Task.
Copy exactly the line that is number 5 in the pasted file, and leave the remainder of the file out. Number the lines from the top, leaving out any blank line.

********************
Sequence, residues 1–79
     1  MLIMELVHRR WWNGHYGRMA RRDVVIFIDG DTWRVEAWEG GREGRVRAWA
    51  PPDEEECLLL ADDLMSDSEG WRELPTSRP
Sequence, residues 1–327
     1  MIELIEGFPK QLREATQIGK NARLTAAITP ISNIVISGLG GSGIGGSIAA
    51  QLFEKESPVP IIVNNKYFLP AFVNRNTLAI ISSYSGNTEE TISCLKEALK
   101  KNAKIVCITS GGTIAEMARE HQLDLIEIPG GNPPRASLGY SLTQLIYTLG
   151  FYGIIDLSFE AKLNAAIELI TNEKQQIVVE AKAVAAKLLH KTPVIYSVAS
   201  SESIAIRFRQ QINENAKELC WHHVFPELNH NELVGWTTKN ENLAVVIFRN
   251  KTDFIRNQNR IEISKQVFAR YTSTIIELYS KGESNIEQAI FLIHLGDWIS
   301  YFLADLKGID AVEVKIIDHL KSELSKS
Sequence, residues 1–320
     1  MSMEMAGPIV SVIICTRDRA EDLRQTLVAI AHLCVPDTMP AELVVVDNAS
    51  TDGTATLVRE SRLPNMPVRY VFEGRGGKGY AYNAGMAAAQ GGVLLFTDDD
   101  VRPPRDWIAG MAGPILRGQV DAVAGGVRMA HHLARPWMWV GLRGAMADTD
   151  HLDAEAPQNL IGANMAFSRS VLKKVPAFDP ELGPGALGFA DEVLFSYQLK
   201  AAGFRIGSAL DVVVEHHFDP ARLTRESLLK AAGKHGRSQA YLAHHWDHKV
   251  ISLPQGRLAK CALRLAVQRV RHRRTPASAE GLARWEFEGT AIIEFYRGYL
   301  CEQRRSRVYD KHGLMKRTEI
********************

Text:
     1  MIELIEGFPK QLREATQIGK NARLTAAITP ISNIVISGLG GSGIGGSIAA